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Province outlines Hurricane Fiona relief response


From left: MHA Andrew Parsons (Burgeo – La Poile) and Premier Andrew Furey held a media availability to discuss ongoing relief response to post-tropical depression Fiona, which battered the Southwest coast on Saturday, Sept. 24 . – via YouTube

By Jaymie White

Local Journalism Initiative Reporter

ST. JOHN’S — Premier Andrew Furey, Elvis Loveless, Minister of Transportation and Infrastructure, Andrew Parsons, Minister of Industry, Energy, and Technology, and John Hogan, Minister of Justice and Public Safety, provided an update on the recovery response to the impacts of Hurricane Fiona on Tuesday afternoon, Oct. 4.

• To date, 805 households have registered with the Canadian Red Cross, 260 homes have been reported as damaged by Hurricane Fiona. Structural assessments have been completed on 254 homes in the region, and assessments in Burgeo had begun.

• Contractors continue to remove debris stemming from the damage Fiona caused, and they are moving the stockpiles to a regional waste management site.

• All roads are currently open. Repair work on damaged roads in Burnt Islands is almost finished and that includes the repairs to damage on two areas on Main Road as well as the causeway damage.

• Route 470 remains open to one lane, while repairs to Route 408 also began on Oct. 4.

• Inspections on a damaged seawall protecting the water supply in Ramea have been undertaken and this has caused no issues to the water supply system.

• In addition, more than 300 calls have been made to the Fiona Response Coordinator, including 167 different households in the region inquiring about information on assistance and 86 from organizations, such as not-for-profit organizations, schools, and volunteers offering assistance.

Premier Furey said the municipal leaders he has been keeping in contact with are hard at work looking after their citizens and ensuring they have a co-ordinated effort in the Fiona relief.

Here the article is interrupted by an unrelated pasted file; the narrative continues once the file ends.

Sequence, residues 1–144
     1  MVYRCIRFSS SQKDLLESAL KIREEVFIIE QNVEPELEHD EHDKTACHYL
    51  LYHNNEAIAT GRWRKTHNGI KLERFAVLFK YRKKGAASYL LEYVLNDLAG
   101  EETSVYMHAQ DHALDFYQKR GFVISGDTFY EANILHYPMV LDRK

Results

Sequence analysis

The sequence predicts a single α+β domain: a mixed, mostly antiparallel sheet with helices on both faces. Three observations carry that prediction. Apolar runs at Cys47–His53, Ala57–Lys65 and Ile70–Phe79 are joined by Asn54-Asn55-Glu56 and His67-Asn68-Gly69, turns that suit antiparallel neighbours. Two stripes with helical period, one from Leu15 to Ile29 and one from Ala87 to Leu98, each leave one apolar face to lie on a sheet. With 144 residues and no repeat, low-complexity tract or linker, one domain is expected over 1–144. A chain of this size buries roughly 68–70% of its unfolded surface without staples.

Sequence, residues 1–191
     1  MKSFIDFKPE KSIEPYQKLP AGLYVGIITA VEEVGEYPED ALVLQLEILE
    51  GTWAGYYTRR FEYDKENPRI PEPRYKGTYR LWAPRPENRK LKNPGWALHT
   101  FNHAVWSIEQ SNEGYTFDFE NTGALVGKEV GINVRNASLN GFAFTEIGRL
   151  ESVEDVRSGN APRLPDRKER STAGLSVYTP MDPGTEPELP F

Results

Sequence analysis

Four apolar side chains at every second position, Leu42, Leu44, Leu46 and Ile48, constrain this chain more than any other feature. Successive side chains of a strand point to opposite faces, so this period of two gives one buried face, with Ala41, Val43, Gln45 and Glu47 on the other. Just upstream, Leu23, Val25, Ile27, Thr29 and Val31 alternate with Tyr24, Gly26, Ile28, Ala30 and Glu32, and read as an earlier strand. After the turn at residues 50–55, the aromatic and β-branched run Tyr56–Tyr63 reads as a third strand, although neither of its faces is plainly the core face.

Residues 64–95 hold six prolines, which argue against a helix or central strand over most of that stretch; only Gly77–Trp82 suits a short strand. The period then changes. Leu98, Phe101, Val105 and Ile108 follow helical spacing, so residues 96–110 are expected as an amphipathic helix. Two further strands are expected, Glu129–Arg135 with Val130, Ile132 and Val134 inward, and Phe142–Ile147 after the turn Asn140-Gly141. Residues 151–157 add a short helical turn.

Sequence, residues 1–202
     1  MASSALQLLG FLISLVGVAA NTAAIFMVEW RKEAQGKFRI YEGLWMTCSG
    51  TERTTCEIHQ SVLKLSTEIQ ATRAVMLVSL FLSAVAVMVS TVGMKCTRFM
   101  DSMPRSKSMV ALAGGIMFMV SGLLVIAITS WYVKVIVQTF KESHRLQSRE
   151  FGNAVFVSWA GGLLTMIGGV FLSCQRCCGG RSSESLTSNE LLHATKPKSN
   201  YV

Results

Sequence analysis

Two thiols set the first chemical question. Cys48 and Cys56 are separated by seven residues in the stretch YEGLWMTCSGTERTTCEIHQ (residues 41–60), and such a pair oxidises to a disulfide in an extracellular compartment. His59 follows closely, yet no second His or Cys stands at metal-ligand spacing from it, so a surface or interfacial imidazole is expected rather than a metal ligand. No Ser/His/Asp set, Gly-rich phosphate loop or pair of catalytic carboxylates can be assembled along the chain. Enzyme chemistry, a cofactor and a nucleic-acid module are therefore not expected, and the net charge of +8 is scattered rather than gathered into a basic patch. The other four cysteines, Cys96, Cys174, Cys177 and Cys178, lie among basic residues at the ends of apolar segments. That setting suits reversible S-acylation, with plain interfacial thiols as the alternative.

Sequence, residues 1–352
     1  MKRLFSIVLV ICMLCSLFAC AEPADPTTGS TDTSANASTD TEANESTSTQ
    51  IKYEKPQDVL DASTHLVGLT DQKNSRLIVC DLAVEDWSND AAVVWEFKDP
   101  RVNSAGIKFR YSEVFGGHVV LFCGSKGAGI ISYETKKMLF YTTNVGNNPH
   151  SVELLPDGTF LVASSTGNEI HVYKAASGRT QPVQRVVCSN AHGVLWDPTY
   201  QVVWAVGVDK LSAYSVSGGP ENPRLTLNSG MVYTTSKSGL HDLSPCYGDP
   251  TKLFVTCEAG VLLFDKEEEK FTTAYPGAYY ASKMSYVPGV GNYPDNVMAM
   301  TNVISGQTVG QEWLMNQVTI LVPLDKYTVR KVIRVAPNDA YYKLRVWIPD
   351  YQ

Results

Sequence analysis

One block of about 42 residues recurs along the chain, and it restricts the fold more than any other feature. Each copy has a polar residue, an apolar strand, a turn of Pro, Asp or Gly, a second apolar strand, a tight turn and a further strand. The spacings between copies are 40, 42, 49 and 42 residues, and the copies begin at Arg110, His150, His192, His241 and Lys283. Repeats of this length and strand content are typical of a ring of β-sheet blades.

“I spoke with Brigadier-General Masson and stressed the importance of widening the scope of the military response in the area and, of course, he gave us his reassurance that, that was their intention,” said Furey. “The outpouring of donations and support from the people in the province and across the country has been overwhelming and speaks to the spirit of Newfoundlanders and Labradorians here and abroad and, in fact, Canadians, when we come together to support each other during times of disaster.”

Furey added that, one of the main reasons to extend the military’s time in the region is to assist with the cleanup, which has much more to it when you are dealing with the keepsakes and livelihoods of residents impacted.

“It’s different than cleaning up trees, for example, which can be done with a chainsaw fairly quickly and strategically, but this requires a bit more thought. So expanding the time the military are there to allow for people to potentially access those items and keepsakes, personal items, and then look at removing the debris.”

In addition to terrestrial debris, there is significant marine debris that represents a future threat.

“We expanded our request for assistance through the military, but it would also include other federal government assets, for example, in helping with cleaning up the marine environment so that existing vessels, for example, aren’t at risk from floating debris.”

Furey also expressed that safety for everyone is paramount.

“We know there is a temptation to return to the site, but please follow the rules, follow the guidance of professionals who have been out there and assessing the situation. We are continuing to get a better handle on the needs of the community in terms of the rebuild. I know everyone will have a lot of questions about the rebuilding process. We are still working through that currently, but rest assured we will be there to ensure the community is rebuilt in a stronger fashion, one that is reflective of Newfoundlanders and Labradorians in general.”